Gross motor skills are crucial to a child’s development. These skills enable them to walk, run, skip, climb, and play sports (or simply catch or throw a ball.) Therapeutic intervention can benefit children in need of gross motor development assistance by increasing their confidence, advancing their strength and endurance, and supporting their use of arms and hands for fine motor skills. In order for an occupational therapist to successfully implement proper care for a gross motor need, she or he must be equipped with high-quality gross motor toys and activities.

Below are several PTS-approved gross motor ideas to help children achieve their functional goals. PTS knows firsthand that students benefit the most when therapists have an abundance of resources, as well as onsite and offsite clinical support from an experienced team. 

Indoor Gross Motor Toys and Games

  • Activity cards and games. Try games that specifically encourage student movement, such as Power Moves.
  • Simon Says. Encourages bodyawareness and the ability to plan your movements.
  • Unstable surfaces. Theseactivities may be executed either inside or outside. Students will walk or climb over an unstable surface (like a stack of pillows) created by you. This enables them to build strength.
  • Catching and balancing. Have access to balance pods? Students can stand on one foot on one of these pods and attempt to catch a ball tossed to them. It’s a tricky game, but it increases their balancing ability.
  • Large balls. Consider this a regular game of catch, without having to balance. Once students master large balls, they can move on to a smaller-sized ball.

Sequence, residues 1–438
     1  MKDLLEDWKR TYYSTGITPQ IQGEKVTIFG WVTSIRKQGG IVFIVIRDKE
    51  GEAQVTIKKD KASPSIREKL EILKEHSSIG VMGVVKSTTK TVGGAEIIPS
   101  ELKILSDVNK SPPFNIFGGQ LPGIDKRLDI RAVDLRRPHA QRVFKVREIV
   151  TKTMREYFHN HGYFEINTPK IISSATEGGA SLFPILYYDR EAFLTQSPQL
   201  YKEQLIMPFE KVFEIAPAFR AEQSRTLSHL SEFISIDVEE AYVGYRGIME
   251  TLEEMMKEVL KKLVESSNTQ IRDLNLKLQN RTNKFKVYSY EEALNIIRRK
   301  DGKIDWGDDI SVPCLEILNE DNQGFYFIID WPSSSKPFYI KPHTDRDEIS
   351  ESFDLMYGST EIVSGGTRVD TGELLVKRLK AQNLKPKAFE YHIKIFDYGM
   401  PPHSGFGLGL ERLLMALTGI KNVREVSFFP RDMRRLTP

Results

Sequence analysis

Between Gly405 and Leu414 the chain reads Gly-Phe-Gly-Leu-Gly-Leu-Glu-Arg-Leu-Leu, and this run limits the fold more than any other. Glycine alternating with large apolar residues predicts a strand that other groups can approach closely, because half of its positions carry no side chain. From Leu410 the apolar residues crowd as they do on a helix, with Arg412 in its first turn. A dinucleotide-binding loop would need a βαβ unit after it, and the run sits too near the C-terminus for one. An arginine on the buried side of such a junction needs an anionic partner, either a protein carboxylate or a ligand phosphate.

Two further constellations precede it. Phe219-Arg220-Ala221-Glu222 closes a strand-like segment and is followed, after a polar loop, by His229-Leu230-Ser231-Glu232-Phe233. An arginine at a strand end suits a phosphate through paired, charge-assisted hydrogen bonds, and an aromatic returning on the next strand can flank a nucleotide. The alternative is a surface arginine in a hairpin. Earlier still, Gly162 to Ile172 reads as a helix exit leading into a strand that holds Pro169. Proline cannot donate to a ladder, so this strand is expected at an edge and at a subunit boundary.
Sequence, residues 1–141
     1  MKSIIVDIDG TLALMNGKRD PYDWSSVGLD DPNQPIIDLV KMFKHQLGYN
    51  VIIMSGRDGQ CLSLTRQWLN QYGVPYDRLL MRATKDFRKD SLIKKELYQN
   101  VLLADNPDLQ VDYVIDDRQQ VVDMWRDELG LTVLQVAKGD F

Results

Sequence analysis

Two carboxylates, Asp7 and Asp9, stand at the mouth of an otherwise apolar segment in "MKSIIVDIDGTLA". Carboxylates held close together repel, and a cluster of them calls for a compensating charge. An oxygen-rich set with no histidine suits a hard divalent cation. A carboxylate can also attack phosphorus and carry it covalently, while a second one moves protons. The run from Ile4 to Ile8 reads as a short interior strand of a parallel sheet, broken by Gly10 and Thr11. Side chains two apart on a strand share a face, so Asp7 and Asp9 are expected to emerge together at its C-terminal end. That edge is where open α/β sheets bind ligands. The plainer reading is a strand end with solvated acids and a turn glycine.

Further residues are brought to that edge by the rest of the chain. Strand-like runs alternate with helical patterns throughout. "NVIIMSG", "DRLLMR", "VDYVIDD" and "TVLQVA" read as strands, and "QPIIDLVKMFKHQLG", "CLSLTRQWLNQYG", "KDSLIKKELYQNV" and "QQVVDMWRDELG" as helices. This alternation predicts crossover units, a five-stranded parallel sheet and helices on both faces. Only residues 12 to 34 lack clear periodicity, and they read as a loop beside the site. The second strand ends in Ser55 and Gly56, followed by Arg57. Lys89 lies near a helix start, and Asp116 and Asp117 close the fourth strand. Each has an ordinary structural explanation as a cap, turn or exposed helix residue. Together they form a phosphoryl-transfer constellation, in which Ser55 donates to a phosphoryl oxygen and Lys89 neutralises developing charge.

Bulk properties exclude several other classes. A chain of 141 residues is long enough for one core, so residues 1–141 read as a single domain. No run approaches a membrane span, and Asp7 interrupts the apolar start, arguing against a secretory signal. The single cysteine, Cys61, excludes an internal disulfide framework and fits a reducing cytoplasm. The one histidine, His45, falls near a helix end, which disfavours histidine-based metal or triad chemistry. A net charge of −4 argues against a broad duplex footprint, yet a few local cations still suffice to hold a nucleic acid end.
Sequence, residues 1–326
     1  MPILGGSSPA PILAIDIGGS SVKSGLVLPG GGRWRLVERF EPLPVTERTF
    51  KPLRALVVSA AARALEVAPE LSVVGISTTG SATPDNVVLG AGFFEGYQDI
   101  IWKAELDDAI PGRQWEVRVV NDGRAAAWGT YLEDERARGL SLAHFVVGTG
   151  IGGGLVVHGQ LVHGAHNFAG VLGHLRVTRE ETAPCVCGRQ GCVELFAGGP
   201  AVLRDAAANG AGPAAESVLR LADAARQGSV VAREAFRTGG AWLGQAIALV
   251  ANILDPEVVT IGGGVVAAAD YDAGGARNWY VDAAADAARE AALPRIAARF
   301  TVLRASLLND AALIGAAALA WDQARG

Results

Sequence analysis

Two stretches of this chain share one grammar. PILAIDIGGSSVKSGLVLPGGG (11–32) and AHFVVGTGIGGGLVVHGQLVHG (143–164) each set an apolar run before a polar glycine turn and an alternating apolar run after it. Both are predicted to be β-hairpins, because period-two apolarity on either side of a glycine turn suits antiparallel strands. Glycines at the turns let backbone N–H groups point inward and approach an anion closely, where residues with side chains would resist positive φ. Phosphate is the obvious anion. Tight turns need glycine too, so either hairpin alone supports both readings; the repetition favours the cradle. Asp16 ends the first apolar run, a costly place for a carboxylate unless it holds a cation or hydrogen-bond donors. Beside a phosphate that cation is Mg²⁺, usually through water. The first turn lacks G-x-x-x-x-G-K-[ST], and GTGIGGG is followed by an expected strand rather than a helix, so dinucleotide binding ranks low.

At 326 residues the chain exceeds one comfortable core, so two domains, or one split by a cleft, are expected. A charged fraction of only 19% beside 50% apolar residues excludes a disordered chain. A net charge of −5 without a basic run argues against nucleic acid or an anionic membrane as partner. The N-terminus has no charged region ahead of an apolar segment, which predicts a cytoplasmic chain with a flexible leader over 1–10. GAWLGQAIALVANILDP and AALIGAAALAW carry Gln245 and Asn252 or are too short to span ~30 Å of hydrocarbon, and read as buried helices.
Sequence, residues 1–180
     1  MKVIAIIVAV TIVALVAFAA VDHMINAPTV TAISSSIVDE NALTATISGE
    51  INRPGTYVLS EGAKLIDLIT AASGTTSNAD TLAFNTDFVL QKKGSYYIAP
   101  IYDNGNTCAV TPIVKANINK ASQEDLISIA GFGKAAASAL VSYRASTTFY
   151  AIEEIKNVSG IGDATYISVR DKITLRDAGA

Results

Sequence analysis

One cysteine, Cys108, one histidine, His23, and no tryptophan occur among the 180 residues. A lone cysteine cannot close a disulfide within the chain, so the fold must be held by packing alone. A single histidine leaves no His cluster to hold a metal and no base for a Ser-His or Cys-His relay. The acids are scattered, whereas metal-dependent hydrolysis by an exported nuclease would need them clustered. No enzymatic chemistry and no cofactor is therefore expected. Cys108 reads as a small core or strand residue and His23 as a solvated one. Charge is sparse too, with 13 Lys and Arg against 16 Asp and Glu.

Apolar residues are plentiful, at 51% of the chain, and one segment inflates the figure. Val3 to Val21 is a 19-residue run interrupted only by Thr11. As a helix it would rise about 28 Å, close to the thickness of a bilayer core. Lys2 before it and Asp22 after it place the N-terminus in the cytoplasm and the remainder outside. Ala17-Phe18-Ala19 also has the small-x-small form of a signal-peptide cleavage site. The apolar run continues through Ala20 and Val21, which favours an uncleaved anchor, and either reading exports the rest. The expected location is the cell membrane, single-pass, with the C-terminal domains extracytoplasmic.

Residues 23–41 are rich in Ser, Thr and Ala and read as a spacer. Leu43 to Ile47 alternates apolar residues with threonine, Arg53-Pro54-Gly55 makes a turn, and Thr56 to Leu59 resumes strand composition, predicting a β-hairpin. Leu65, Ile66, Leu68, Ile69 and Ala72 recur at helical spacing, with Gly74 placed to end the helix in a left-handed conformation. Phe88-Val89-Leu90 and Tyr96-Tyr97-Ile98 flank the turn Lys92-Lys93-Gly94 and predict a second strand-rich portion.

• Dancing! This option is in the running of students’ favorite activities. Dancing helps kids develop their coordination and motor sequencing skills while introducing them to the concept of rhythm. The good news for you: all you need is music!

Outdoor Gross Motor Activities and Games

As an occupational therapist, you may not always have access to an outdoor environment for your therapy sessions. Nevertheless, the following activities are good to keep on hand and perhaps recommend to parents who want to engage their child at home.

  • Playground play. This can include climbing and swinging on monkey bars.
  • Hop scotch. Students can directly practice the skill of hopping and jumping.
  • Swimming. Students should swim only if they have the endurance and have previously received lessons.
  • Obstacle courses. Students will need to combine a series of gross motor skills to complete the course.
  • Tricycles or scooters. Riding one of these youngster-powered vehicles serve as a stepping stone to riding a bicycle.

For more gross motor toys and activity ideas, or for more information about our services, please visit us here or contact us at 610-941-7020.

Close Menu
 Email Us

 Give us a call